Reply
  20. I use the free version of Macrium Reflect. The free version doesn’t have an incremental facility so I do regular differential backups weekly. I also do a full backup monthly. I do both system disk image and separate data backups. I now have several full backups and many more differential ones. I want to save some space by deleting some of these backups but it isn’t clear which of the full backups the differential backups are based on. Is the latest differential linked to the earliest full backup or to the latest?

    Reply
    • The latest differential backup is linked up to the full backup you set it up to work with. If you backed up the computer to a system image file and scheduled differential backups along with it, then the differentials would be based on that image file.

      Reply
      • Many thanks for the replies. Thanks to you both I now have Macrium backups sorted.
        I’m preparing to upgrade to W10 and thought I’d use Windows own backup system as an extra safeguard if I decide to revert to W7SP1. For some reason it wont quite complete due to lack of drive space although there appears to be ample free space and the backup folders are showing empty. Does Windows store the ongoing backup somewhere other than the target drive temporarily? CC Cleaner isn’t showing any massive temporary files.
        Should I just stop wasting your time and forget the Windows backup?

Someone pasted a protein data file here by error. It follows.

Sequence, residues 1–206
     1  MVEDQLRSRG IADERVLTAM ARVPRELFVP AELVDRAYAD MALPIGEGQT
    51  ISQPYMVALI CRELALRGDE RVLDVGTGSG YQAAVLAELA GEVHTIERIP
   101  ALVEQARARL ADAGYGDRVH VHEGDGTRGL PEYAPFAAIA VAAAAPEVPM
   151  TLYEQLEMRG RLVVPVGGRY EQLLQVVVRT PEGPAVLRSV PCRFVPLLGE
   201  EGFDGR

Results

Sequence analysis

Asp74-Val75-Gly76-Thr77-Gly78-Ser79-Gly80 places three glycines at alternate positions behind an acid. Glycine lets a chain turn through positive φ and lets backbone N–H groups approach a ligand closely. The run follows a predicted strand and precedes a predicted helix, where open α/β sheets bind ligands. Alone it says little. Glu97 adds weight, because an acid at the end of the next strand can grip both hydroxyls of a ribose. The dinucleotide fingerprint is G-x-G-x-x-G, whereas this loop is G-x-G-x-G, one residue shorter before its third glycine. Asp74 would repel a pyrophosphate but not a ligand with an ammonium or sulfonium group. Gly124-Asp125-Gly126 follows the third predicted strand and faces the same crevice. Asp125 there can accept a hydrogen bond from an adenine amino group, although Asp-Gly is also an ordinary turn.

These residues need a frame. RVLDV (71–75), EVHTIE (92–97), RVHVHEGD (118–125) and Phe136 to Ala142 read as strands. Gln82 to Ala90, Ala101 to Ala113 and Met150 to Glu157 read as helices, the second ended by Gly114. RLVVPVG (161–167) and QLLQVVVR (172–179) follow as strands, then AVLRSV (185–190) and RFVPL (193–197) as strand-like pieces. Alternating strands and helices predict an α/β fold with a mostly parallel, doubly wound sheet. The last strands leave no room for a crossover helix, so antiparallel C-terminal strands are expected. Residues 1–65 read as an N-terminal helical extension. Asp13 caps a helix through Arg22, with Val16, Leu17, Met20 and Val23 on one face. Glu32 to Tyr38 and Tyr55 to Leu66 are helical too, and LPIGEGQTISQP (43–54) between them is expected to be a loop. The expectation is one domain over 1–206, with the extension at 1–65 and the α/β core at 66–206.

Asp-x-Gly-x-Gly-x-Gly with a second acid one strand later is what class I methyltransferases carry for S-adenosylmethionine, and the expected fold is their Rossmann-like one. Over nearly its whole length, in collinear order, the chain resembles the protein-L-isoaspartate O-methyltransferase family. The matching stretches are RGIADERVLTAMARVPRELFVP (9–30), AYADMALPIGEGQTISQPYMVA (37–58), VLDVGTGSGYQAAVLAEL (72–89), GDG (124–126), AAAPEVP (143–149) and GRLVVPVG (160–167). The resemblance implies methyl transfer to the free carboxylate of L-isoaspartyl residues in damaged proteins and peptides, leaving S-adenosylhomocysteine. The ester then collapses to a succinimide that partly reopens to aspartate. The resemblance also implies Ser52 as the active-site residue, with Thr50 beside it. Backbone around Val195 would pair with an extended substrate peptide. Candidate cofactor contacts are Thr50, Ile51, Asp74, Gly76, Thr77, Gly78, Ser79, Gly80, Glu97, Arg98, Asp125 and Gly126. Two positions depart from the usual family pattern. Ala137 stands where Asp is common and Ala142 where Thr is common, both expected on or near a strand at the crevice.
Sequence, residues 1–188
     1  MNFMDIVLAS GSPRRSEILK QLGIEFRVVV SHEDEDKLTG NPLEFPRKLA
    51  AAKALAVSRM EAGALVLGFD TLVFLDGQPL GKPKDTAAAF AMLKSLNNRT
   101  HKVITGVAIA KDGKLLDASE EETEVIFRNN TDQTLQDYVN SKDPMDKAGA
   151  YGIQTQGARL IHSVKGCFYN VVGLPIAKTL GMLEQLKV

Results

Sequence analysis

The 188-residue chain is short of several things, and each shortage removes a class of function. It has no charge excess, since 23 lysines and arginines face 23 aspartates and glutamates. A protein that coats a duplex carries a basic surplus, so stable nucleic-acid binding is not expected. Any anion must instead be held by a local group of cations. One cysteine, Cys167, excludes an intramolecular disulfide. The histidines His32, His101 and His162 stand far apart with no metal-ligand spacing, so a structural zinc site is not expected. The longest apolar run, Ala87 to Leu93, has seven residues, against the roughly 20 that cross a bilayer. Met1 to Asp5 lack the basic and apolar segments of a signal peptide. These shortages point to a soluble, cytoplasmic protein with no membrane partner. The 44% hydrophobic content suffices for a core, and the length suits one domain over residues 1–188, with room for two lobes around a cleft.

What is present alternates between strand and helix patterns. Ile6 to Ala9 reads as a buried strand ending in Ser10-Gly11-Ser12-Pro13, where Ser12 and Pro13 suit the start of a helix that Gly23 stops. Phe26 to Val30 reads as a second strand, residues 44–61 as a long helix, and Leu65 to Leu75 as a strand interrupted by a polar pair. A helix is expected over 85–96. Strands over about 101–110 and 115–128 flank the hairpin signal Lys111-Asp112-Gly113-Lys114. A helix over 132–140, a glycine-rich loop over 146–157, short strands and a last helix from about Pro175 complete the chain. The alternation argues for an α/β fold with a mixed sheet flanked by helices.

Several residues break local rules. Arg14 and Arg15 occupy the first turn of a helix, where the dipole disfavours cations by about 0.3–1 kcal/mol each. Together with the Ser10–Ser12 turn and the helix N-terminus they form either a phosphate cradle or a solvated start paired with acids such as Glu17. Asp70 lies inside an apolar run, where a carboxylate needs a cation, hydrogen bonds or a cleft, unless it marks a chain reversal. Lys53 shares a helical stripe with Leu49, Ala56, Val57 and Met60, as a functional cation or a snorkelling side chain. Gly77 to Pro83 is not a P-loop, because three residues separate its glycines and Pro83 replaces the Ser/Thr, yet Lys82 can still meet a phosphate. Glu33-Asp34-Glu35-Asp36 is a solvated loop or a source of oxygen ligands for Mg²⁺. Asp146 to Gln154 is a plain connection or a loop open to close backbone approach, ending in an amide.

Reply
        • It’s impossible for me to say with the details at hand. Windows own backup SHOULD work. Personally, I don’t like it (it’s not nearly as transparent about what it’s doing – this might be an example).

          Reply
  21. If I create a system image backup using this computer with Windows 10 OS, will it install on a different computer using the same operating system?

    Reply
      • I’d expect it to work, I just wouldn’t count on it. Restores to dissimilar hardware work more often than not.

        Reply
        • Actually my experience is otherwise. They tend to either fail catastrophically (at least then you know) or they appear to work, with some obscure landmine of failure laying in wait. It CAN work, but it cannot be guaranteed.

          Reply
          • Your experiences are actually quite different to mine. I’d say it works seamlessly about 60% of the time; problematically about 35% of the time; and not at all about 5% of the time. It’s certainly not a reliable process and, as I said, not the best way to migrate data to a new machine.

        • I’ve been able to make it work on every computer I’ve tried it on, but in every case it took some work to get all of the drivers working (even on similar machines), and in some cases it was a frustrating process.

          Reply
          • Frustrating and sometimes very time consuming. It’s certainly not the best way to migrate data to a new machine.

          • Restoring the software, and having it *actually work* on new hardware are two totally different things. I agree with comments above and wouldn’t rely on it.

          • @Frank – Google it and you’ll see that it’s not unusual for people to encounter problems with Universal Restore.